Pulling out, the torpeckers left five good sized fires on Marcus, but the flak followed them out. Suddenly, division leader Pop Condit felt a "thump" and looked down between his feet to see a big hole in the fuselage. Flames spewed from the exhaust pipes in his engine cowling, and his oil pressure dropped. The shell had not only severed an oil line but had jammed open his bomb bay doors; the flow of air through them fanned the flames.
Condit's TBF gave out some 60 miles north of Marcus and he made a "dead stick" landing in the water. The impact knocked out gunner Kalberg, breaking his arm, but radioman Marshall pulled from free of the rapidly sinking plane. Condit noticed that he was wounded-shrapnel had hit him in the leg and arm.
For three days lieutenant Condit and aircrewmen Marshall and Kalberg bobbed about in their raft, getting cooked by the Pacific sun. They fished with different sized hooks and bacon rind bait from their survival kids but without success. They tried to snag fish under the raft-but in vain. They even attempted shooting a sea gull with their pistols but the pitching raft fouled their aim.
Then, on the fourth day, a Jap trawler came over the horizon. The men voted 2 to 1 to try to get the boat's attention, but when they waved their arms frantically the Japs opened fire on them! Finally, the shooting stopped, and the boat came up, its crew of old men and boys probably as scared of the Americans as the reverse.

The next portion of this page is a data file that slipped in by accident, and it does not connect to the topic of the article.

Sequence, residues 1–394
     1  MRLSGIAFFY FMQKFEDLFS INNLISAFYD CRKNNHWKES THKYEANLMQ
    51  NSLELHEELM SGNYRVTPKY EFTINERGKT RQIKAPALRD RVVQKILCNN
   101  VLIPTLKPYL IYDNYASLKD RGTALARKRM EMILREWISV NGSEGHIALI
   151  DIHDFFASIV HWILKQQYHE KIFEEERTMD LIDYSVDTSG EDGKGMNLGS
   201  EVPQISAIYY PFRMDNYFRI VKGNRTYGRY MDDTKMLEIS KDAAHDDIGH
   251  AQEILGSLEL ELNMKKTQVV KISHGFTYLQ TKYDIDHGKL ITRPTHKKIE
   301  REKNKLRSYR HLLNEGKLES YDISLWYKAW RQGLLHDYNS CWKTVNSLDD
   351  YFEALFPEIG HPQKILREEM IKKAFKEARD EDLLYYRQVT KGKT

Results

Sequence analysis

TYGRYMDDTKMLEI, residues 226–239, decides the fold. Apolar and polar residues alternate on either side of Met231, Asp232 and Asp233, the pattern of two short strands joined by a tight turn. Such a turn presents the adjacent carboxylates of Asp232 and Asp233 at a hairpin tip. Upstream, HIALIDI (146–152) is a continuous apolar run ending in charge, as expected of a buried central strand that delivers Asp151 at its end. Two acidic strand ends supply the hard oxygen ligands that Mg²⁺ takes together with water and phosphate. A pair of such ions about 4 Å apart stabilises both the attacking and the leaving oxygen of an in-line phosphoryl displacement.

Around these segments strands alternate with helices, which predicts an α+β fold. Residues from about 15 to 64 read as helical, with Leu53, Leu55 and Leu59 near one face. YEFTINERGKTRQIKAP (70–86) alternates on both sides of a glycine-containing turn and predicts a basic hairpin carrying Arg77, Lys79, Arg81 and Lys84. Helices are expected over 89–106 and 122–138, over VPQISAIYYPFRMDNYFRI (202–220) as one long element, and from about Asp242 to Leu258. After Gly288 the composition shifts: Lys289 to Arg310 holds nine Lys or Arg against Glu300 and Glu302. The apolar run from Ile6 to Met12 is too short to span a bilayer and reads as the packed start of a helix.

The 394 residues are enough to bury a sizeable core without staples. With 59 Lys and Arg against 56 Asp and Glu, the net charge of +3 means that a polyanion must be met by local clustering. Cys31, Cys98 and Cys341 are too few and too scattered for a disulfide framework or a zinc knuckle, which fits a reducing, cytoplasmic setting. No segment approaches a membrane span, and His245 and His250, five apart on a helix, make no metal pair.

Hauled aboard, Pop, Gordy and Ken were stripped and searched and their pistols thrown into the sea. After Condit gestured to one captor not to drink from a can of orange dye marker, he and his mates were blindfolded and taken to Marcus.
Pop Condit talking "aviation" and using his hands.
Left to right Gordy Marshall and Ken Kalberg, Lt. "Pop" Condit
and plane caption W.F. McMullen before the battle
Pop gave only his name, rank and serial number. When Pop refused to give the name of his ship, his inquisitor said, "We're going to kill you," whereupon a guard put his gun to Pop's head and cocked it.
Figuring that they would kill him anyway, and that this would be the easy way out, saving him from certain torture, Pop replied "Go ahead."
At this impudence, they knocked him off his seat and started to beat him. More questions followed, and every time Pop answered they beat and kicked him.
These working over Pop soon knocked out several of his teeth...[later he was forced to stand at attention for 72 straight hours].
Pop Condit survived and was picked to represent Prisoners of War at the surrender ceremony on the USS Missouri. He became a member of the USS US Navy and is a member of the Board of Directors. Read more about Admiral Condit in the History of the USS Yorktown